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Roewe Takes on China – and VW


2007 Roewe W2 concept

2007 Roewe W2 concept

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If the badge on the bonnet of the Roewe W2 Concept looks familiar, it’s no wonder. It was liberally lifted from the old Rover brand logo. But in this case, no one is complaining about the theft of intellectual property rights – a common concern withChina. That’s because a chunk of the bankrupt British maker’s assets have been gobbled up by the Chinese. Or more, precisely, two rising companies in the PRC.

Roewe is a new brand for SAIC, the Shanghai Automotive Industry Corp., a vast and growing conglomerate that has entered into joint ventures with both General Motors and Volkswagen. But SAIC also wants to become a true player in its own right, producing cars under its own badge, as well as a collection of foreign names it has acquired. That includes the former Ssangyong, of South Korea, and Roewe.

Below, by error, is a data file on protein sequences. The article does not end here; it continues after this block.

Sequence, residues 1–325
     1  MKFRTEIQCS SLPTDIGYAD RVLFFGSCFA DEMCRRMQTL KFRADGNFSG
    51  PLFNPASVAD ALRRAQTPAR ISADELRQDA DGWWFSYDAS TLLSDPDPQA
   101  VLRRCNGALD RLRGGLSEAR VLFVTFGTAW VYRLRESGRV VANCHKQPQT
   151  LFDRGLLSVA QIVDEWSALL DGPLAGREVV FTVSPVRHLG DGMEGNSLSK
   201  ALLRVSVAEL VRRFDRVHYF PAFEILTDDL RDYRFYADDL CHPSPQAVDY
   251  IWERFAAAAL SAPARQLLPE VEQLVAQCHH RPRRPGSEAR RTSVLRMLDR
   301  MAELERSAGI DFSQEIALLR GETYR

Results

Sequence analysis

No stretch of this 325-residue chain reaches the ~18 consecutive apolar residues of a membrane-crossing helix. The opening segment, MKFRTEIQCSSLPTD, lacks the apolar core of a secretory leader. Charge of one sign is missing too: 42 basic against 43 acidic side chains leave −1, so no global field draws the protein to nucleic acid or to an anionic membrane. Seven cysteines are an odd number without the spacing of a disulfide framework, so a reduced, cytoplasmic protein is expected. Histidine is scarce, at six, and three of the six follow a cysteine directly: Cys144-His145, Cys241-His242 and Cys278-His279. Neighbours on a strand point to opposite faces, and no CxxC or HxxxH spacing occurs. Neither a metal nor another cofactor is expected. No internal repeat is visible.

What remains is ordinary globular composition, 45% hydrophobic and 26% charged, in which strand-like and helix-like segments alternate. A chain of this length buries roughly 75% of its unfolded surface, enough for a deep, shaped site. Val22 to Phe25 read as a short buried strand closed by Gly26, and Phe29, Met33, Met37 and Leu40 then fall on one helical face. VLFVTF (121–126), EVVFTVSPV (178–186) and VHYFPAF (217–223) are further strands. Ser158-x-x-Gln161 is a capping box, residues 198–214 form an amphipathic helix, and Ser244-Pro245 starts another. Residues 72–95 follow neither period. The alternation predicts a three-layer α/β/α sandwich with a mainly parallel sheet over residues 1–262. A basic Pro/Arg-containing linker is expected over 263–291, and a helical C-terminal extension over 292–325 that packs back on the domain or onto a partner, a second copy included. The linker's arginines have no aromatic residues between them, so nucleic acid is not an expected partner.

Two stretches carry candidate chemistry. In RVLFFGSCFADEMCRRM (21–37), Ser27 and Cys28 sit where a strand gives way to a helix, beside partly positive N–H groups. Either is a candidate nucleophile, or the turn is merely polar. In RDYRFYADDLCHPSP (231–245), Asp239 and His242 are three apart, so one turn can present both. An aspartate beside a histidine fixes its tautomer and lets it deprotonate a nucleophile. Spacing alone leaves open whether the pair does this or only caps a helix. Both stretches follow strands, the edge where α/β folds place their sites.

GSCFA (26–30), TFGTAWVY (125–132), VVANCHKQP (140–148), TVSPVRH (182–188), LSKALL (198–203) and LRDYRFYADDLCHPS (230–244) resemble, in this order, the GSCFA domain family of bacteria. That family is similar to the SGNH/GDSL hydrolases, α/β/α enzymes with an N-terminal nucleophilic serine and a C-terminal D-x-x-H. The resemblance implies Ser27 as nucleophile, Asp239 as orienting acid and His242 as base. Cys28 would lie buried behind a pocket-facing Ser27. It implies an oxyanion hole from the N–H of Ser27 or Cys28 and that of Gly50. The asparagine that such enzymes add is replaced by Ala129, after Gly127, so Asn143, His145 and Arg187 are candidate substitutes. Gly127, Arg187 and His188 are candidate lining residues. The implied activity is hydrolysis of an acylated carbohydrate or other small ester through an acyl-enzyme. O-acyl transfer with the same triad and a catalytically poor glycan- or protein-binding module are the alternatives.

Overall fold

The latter isn’t a misspelling, but the close proximity to Rover that SAIC had to settle for when it acquired the rights to the bankrupt British marque’s Rover 25 and 75 models.

 

The W2 is an example of what SAIC has in mind for the brand. It’s an updated version of the old Rover 75 and “demonstrates the attributes of an upcoming family car” soon to enter production, noted Dave Lindley, the British designer who oversees Roewe styling. The goal is to let Chinese styling rise to a truly “international” level, added Lindley, while the well-contented W2 also aims to show off SAIC’s engineering capabilities.

 

In the strange-bedfellow world of Chinese industry, the various pieces of Rover may yet come back together. The bulk of the British maker was purchased by Nanjing Automobile, which is displaying both its MGF sports car and MG7 sedan – another remake of the Rover 75 – at this year’s Shanghai show.

 

“I can declare we are looking forward to cooperation with Nanjing Auto,” SAIC Chairman Hu Maoyan, told the Associated Press, during the Shanghai Motor Show preview, adding that he believes “the government would be glad to see such cooperation.” With dozens of local players carving up the Chinese market, government officials have indeed endorsed a shakeout which, in the case of Rover, could bring the brand’s assets back together.


 

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